setkey

SETKEY(8)                  BSD System Manager's Manual                 SETKEY(8)

NAME
     setkey — manually manipulate the IPsec SA/SP database

SYNOPSIS
     setkey [-knrv] file ...
     setkey [-knrv] -c
     setkey [-krv] -f filename
     setkey [-aklPrv] -D
     setkey [-Pvp] -F
     setkey [-H] -x
     setkey [-?V]

DESCRIPTION
     setkey adds, updates, dumps, or flushes Security Association Database (SAD)
     entries as well as Security Policy Database (SPD) entries in the kernel.

     setkey takes a series of operations from standard input (if invoked with
     -c) or the file named filename (if invoked with -f filename).

     (no flag)
             Dump the SAD entries or SPD entries contained in the specified
             file.

     -?      Print short help.

     -a      setkey usually does not display dead SAD entries with -D.  If -a is
             also specified, the dead SAD entries will be displayed as well.  A
             dead SAD entry is one that has expired but remains in the system
             because it is referenced by some SPD entries.

     -D      Dump the SAD entries.  If -P is also specified, the SPD entries are
             dumped.  If -p is specified, the ports are displayed.

     -F      Flush the SAD entries.  If -P is also specified, the SPD entries
             are flushed.

     -H      Add hexadecimal dump in -x mode.

     -h      On NetBSD, synonym for -H.  On other systems, synonym for -?.

     -k      Use semantics used in kernel.  Available only in Linux.  See also
             -r.

     -l      Loop forever with short output on -D.

     -n      No action.  The program will check validity of the input, but no
             changes to the SPD will be made.

     -r      Use semantics described in IPsec RFCs.  This mode is default.  For
             details see section RFC vs Linux kernel semantics.  Available only
             in Linux.  See also -k.

     -x      Loop forever and dump all the messages transmitted to the PF_KEY
             socket.  -xx prints the unformatted timestamps.

     -V      Print version string.

     -v      Be verbose.  The program will dump messages exchanged on the PF_KEY
             socket, including messages sent from other processes to the kernel.

   Configuration syntax
     With -c or -f on the command line, setkey accepts the following
     configuration syntax.  Lines starting with hash signs (‘#’) are treated as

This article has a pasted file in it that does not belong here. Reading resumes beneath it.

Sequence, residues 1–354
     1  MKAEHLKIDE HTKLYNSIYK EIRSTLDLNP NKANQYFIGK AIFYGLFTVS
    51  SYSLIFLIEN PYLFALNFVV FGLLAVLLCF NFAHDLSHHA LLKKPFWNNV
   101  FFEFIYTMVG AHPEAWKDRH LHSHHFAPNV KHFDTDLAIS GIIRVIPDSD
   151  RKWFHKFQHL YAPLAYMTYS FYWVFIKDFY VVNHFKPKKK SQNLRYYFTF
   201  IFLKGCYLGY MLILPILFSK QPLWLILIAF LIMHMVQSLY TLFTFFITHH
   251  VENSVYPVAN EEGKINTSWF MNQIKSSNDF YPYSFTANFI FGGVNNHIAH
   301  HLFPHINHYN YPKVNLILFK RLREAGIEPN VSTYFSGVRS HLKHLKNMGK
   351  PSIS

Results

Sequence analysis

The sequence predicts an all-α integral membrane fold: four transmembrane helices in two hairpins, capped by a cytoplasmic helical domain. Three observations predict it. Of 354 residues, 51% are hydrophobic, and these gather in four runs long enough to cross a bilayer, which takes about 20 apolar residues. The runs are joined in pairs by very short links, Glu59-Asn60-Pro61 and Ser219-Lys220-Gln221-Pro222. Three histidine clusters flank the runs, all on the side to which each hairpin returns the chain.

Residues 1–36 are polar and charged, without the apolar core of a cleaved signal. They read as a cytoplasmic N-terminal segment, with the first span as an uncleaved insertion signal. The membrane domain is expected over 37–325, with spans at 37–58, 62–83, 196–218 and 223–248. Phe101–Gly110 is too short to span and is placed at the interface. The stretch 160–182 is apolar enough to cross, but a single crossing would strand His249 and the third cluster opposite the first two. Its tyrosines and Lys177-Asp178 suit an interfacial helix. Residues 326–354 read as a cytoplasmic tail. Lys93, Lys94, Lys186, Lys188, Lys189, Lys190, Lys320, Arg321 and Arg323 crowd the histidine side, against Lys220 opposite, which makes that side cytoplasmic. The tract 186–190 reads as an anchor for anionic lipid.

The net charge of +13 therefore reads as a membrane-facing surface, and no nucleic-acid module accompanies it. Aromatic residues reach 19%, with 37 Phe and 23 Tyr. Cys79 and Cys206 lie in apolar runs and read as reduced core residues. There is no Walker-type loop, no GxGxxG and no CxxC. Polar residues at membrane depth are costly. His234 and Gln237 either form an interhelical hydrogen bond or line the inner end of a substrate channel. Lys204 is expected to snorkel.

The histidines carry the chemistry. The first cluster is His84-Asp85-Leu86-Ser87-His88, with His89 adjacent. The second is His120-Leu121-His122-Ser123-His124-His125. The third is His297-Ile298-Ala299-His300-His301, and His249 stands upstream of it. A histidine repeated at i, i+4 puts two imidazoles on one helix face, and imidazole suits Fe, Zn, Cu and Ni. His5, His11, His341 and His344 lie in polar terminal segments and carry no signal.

comment lines.

     add [-46n] src dst protocol spi [extensions] algorithm ... ;
             Add an SAD entry.  add can fail for multiple reasons, including
             when the key length does not match the specified algorithm.

     get [-46n] src dst protocol spi ;
             Show an SAD entry.

     delete [-46n] src dst protocol spi ;
             Remove an SAD entry.

     deleteall [-46n] src dst protocol ;
             Remove all SAD entries that match the specification.

     flush [protocol] ;
             Clear all SAD entries matched by the options.  -F on the command
             line achieves the same functionality.

     dump [protocol] ;
             Dumps all SAD entries matched by the options.  -D on the command
             line achieves the same functionality.

     spdadd [-46n] src_range dst_range upperspec label policy ;
             Add an SPD entry.

     spdadd tagged tag policy ;
             Add an SPD entry based on a PF tag.  tag must be a string
             surrounded by double quotes.

     spdupdate [-46n] src_range dst_range upperspec label policy ;
             Updates an SPD entry.

     spdupdate tagged tag policy ;
             Update an SPD entry based on a PF tag.  tag must be a string
             surrounded by double quotes.

     spddelete [-46n] src_range dst_range upperspec -P direction ;
             Delete an SPD entry.

     spdflush ;
             Clear all SPD entries.  -FP on the command line achieves the same
             functionality.

     spddump ;
             Dumps all SPD entries.  -DP on the command line achieves the same
             functionality.

     Meta-arguments are as follows:

     src
     dst     Source/destination of the secure communication is specified as an
             IPv4/v6 address, and an optional port number between square
             brackets.  setkey can resolve a FQDN into numeric addresses.  If
             the FQDN resolves into multiple addresses, setkey will install
             multiple SAD/SPD entries into the kernel by trying all possible
             combinations.  -4, -6, and -n restrict the address resolution of
             FQDN in certain ways.  -4 and -6 restrict results into IPv4/v6
             addresses only, respectively.  -n avoids FQDN resolution and
             requires addresses to be numeric addresses.

     protocol
             protocol is one of following:
             esp         ESP based on rfc2406
             esp-old     ESP based on rfc1827
             ah          AH based on rfc2402
             ah-old      AH based on rfc1826
             ipcomp      IPComp
             tcp         TCP-MD5 based on rfc2385

     spi     Security Parameter Index (SPI) for the SAD and the SPD.  spi must
             be a decimal number, or a hexadecimal number with a “0x” prefix.
             SPI values between 0 and 255 are reserved for future use by IANA
             and cannot be used.  TCP-MD5 associations must use 0x1000 and
             therefore only have per-host granularity at this time.

     extensions